Some of my previous posts talked about making HTTP/web requests from PHP with a focus on the PECL_HTTP request module:
- How to use the PECL HTTP (PECL_HTTP) Extension to make HTTP requests from PHP
- How to: PECL HTTP request exception and error handling
- PHP HttpRequest class options and notes
- How to use the file_get_contents() function to make an HTTP request from PHP
The last post mentioned above covered using the built-in file_get_contents() as an alternative if you are unable to install the HTTP PECL extension or need minimal HTTP functionality. This post will look at a third method of making HTTP requests from PHP, using the PHP Client URL Library AKA cURL library. The PHP cURL library essentially uses the cURL library from the cURL command line utility and makes the calls available via PHP functions.
Installing the PHP cURL library on Ubuntu requires just a couple simple steps:
- PHP needs to compile in the cURL library but if you are using Ubuntu you can simply execute the following shell command instead of doing a custom PHP build:
sudo apt-get install php5-curl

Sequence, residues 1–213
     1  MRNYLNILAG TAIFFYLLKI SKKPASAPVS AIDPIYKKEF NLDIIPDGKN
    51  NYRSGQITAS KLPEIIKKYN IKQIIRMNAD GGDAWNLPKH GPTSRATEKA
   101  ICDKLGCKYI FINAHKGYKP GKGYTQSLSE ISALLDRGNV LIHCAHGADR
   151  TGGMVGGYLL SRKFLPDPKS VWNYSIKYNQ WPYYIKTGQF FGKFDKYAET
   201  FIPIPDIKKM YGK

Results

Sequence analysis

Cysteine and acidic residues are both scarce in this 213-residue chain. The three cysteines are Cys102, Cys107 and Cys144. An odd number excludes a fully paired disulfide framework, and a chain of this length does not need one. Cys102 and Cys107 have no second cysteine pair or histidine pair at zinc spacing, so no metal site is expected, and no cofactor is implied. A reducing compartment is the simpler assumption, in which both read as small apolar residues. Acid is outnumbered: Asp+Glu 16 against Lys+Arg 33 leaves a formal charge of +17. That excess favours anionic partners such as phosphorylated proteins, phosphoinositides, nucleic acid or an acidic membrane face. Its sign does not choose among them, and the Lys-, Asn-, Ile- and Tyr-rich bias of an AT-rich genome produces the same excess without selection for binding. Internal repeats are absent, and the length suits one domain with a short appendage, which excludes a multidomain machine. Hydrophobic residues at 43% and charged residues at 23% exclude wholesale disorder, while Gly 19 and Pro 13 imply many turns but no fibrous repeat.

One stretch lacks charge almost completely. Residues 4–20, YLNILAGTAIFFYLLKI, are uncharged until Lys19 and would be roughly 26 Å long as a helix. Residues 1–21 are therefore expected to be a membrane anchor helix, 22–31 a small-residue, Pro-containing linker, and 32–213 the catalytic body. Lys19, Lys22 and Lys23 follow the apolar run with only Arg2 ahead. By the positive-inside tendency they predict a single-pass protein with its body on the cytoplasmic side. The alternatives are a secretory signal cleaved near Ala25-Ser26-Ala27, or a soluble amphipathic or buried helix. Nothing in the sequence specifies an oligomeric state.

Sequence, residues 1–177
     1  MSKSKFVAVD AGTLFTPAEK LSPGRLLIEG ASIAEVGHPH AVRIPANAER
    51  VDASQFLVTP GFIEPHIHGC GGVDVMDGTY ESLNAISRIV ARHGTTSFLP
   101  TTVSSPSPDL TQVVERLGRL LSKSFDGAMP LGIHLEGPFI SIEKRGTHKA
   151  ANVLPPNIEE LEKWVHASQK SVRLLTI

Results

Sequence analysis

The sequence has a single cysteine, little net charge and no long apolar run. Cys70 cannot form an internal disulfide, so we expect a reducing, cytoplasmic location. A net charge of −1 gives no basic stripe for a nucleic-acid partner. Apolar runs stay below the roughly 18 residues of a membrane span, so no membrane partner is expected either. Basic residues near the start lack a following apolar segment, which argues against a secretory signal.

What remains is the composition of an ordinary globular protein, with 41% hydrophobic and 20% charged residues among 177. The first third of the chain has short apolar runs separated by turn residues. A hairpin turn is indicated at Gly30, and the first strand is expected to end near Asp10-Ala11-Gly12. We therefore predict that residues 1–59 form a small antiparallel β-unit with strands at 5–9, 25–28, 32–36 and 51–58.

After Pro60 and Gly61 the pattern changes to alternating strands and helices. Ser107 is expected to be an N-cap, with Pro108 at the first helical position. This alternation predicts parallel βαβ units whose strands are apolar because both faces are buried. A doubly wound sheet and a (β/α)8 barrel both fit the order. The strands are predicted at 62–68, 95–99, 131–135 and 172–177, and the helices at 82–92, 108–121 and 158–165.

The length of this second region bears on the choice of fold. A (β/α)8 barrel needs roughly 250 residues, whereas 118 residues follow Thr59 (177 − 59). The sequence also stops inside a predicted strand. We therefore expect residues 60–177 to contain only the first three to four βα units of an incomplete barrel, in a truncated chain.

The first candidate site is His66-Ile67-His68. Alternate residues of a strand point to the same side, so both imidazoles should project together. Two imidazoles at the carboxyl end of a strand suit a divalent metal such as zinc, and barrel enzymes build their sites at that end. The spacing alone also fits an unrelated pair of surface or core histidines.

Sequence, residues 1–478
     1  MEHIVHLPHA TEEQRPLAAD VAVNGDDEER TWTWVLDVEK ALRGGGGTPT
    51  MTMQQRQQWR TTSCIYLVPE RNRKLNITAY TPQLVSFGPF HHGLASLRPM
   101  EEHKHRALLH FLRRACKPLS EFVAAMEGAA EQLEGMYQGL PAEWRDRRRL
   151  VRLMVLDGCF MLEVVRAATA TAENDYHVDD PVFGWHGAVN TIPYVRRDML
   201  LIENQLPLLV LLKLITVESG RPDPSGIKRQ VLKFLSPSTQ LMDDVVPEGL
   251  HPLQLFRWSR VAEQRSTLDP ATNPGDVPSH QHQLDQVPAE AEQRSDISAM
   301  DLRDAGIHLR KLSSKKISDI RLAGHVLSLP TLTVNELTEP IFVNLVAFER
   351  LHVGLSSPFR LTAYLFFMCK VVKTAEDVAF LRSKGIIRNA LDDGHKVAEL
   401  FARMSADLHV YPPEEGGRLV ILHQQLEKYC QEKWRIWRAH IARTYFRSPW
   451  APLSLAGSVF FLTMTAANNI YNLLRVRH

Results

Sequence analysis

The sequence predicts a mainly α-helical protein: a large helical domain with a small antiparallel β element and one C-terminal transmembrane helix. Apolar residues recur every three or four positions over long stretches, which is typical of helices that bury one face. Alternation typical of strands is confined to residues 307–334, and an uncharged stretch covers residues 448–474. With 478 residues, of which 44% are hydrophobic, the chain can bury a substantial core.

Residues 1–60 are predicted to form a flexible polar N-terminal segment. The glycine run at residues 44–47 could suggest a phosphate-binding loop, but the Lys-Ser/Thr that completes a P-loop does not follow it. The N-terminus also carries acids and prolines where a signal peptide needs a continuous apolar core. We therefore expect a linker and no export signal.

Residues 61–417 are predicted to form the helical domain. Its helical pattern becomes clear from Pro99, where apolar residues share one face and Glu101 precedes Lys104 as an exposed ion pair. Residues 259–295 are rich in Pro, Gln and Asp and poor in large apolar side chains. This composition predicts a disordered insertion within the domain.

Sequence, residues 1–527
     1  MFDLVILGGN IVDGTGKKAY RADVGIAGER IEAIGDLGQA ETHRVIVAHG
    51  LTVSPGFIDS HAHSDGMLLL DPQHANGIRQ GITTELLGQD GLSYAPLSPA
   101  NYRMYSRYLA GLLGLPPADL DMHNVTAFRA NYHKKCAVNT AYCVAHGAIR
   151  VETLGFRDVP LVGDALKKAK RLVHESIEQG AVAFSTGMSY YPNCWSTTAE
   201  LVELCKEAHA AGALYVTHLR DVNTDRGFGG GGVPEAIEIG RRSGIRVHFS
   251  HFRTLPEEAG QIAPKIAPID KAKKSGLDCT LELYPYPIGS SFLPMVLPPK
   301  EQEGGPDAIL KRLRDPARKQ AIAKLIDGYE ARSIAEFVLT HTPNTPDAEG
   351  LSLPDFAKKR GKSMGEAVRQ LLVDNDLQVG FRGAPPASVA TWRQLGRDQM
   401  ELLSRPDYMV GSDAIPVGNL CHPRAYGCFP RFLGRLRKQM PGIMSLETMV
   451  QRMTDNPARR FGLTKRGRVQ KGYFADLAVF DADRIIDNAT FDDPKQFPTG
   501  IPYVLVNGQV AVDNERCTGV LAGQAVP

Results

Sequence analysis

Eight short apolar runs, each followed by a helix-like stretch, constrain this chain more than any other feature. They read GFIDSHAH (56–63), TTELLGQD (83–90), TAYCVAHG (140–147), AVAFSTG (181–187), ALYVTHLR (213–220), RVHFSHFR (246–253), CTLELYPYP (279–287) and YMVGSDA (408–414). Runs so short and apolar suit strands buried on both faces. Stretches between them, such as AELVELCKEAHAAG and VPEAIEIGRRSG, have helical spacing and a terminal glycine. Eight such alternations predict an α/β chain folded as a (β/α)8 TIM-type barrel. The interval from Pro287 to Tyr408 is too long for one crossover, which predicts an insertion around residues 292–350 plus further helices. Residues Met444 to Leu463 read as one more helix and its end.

- Restart Apache once the library has installed.
- Call a page with the phpinfo() function and look for a “curl” section. It should be listed there if everything installed correctly:
Once the cURL library is added you can call the curl functions which are documented here. The following simple example makes a call to www.example.com. You will notice that I did not “echo” the return of curl_exec() to display it. This is because by default, the curl_exec() function displays the result and returns a true on success, false on failure.
<?php $curl_handle = curl_init("http://www.example.com/"); curl_exec($curl_handle); curl_close($curl_handle); ?>
If you want to assign the output to a variable so you can do something with it, you will need to set the CURLOPT_RETURNTRANSFER option:
<?php $curl_handle = curl_init("http://www.example.com/"); curl_setopt($curl_handle, CURLOPT_RETURNTRANSFER, true); $results = curl_exec($curl_handle); curl_close($curl_handle); echo $results; ?>
The PHP cURL library has a variety of options you can set using the curl_setopt() function. This includes setting GET and POST requests, setting fields for each, etc.
That is the five minute version of the PHP cURL library. Another quick way to make an HTTP request is to just make a system call to the “wget” command utility which is included on most *nix systems:
<?php echo system("wget -O - http://www.example.com"); ?>
This pretty cool but I think I prefer the other methods because they all run under the Apache process. That’s it for this post!